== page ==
GE officially launched its Powering Efficiency Centre of Excellence (COE) on Monday, as it looks to help the global coal power fleet to reduce its overall emissions.
Power Engineering International spoke to Michael Rechsteiner, vice president of GE Power Services about the new facility and its implications for the coal sector.
GE recognises that despite the global transition towards renewable energy, coal is not going to disappear for decades to come, so in facing that reality, are looking to make new and existing plants more efficient and cleaner.
“It’s a fact that today 41 per cent of the world’s electricity is produced from coal-fired steam plants and different countries are in different states of energy transformation.”
“Each country faces individual challenges in balancing the role of coal power in their own political and eco systems,” says Rechsteiner. “Regardless of each country’s unique balance, coal will not only remain part of the long-term energy mix but in accordance with assumptions from the International Energy Agency, it will even increase in some capacity over the next two decades. It remains an important player.”
India is a top priority for the COE and this week saw the opening of center’s team at HQ in Baden, Switzerland but also its regional centre on the subcontinent.
60 per cent of India’s electricity is produced by coal-fired power plants and while Prime Minister Modi’s government is making a strong push to increase renewable capacity, it is not ignoring its coal resource.
It is the fifth biggest coal producer in the world and there is a huge need for additional capacity in the country. The same applies to China, other Asian economies and even some countries in Europe. Given that context it wouldn’t be wise to simply wish coal power away, and instead of doing that, GE is looking at reducing the emissions involved.
“By bringing together the combined experience of a cross-business group of experts from GE’s Power Services, Steam Power Systems, Global Research Center and Global Growth organisations, we are showing operators how they can achieve emissions compliance and increased efficiency with their coal-fired power plants.”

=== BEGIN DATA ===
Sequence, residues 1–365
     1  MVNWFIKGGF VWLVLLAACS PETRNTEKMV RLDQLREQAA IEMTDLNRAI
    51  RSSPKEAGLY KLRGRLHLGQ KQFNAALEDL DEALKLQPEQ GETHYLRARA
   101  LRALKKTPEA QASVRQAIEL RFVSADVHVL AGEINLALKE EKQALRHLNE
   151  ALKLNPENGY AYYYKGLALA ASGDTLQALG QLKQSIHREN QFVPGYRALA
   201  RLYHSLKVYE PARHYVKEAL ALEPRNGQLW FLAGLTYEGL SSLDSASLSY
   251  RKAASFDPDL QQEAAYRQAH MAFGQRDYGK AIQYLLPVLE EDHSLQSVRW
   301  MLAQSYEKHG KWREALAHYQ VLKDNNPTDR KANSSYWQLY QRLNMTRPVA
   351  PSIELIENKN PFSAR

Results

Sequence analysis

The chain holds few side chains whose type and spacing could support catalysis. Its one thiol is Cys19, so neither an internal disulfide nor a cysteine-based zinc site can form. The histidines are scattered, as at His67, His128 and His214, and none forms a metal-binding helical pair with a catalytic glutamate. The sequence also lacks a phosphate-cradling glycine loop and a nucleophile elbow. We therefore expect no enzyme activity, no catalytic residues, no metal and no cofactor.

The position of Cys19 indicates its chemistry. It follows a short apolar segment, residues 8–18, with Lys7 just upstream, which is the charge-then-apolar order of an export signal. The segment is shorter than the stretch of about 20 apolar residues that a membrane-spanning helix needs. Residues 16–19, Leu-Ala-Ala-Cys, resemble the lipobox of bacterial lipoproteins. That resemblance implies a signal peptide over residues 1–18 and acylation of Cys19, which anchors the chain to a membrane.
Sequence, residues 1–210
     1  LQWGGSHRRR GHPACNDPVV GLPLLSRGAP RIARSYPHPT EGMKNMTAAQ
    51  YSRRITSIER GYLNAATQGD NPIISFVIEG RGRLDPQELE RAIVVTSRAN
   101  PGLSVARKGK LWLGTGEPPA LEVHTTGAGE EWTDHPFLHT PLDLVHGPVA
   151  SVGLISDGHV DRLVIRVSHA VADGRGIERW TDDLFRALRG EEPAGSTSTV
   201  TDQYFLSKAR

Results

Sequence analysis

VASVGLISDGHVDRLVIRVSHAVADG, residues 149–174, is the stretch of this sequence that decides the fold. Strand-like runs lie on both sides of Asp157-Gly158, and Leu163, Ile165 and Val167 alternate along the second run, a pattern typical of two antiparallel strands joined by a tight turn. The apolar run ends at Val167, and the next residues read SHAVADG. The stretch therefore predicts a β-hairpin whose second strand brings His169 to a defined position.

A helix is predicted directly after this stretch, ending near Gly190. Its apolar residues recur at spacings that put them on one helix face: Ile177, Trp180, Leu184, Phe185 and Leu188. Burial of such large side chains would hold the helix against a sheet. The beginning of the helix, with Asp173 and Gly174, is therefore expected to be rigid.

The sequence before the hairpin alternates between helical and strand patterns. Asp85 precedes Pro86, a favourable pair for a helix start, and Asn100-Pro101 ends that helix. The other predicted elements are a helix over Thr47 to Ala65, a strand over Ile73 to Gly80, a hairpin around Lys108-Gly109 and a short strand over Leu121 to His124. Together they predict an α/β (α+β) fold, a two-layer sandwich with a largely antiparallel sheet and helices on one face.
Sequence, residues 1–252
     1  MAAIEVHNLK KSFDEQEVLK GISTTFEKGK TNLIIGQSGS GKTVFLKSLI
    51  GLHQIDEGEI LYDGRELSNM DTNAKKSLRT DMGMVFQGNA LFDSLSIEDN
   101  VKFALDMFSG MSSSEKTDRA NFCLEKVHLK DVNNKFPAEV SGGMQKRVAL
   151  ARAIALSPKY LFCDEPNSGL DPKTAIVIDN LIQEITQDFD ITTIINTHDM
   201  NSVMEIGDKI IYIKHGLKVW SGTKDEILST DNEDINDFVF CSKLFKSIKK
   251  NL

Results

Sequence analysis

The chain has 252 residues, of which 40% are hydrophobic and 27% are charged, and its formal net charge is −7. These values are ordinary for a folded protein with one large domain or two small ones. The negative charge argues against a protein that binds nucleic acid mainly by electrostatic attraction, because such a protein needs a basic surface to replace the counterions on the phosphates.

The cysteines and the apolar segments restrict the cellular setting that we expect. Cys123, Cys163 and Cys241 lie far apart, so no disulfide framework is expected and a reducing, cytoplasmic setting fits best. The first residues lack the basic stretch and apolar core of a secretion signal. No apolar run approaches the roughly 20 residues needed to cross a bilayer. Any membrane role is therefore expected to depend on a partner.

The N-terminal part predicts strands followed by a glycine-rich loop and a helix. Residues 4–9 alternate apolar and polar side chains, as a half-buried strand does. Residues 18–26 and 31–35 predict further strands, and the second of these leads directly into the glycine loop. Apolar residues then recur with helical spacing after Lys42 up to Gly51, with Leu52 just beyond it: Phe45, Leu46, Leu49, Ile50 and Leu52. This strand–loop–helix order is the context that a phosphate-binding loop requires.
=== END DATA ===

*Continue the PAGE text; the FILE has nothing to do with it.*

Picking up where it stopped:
“A study done here at GE shows potential with our current technology to increase average efficiency of coal-fired power plants by 4 per cent. If we do that we take out 11 per cent of all CO2 emissions produced by coal-fired power plants. That’s equal to 250,000 cars off the road, basically all the cars in the US.”
The average global efficiency worldwide is around 34 per cent so GE believes its technology can bring that average to 38 per cent, reducing customer operating costs over lifetime and CO2 emissions by 2-3 percentage points.
The average efficiency in India is 27 per cent – so potential to increase is much higher than the US for example, which is 37 per cent. All in all across the world a 4 per cent average increase is possible, according to GE analysis. That currently low Indian average indicates its priority position for the company.
A typical plant with that average could see steam turbine upgrade increase its efficiency by 20 per cent, a boiler by 6-8 per cent before digital optimisation takes place.